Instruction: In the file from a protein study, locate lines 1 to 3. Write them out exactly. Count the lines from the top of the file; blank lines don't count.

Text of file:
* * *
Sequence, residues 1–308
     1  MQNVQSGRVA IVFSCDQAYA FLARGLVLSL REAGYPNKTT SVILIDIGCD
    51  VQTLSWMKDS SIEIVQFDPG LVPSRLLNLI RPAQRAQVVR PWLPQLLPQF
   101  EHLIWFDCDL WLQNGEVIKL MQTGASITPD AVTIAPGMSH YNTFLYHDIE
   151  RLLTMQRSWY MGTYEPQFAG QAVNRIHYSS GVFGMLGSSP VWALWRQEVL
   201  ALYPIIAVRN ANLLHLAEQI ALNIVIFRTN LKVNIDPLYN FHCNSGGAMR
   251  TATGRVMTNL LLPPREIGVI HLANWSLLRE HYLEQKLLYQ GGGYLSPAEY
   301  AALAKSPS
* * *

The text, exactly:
Sequence, residues 1–308
     1  MQNVQSGRVA IVFSCDQAYA FLARGLVLSL REAGYPNKTT SVILIDIGCD
    51  VQTLSWMKDS SIEIVQFDPG LVPSRLLNLI RPAQRAQVVR PWLPQLLPQF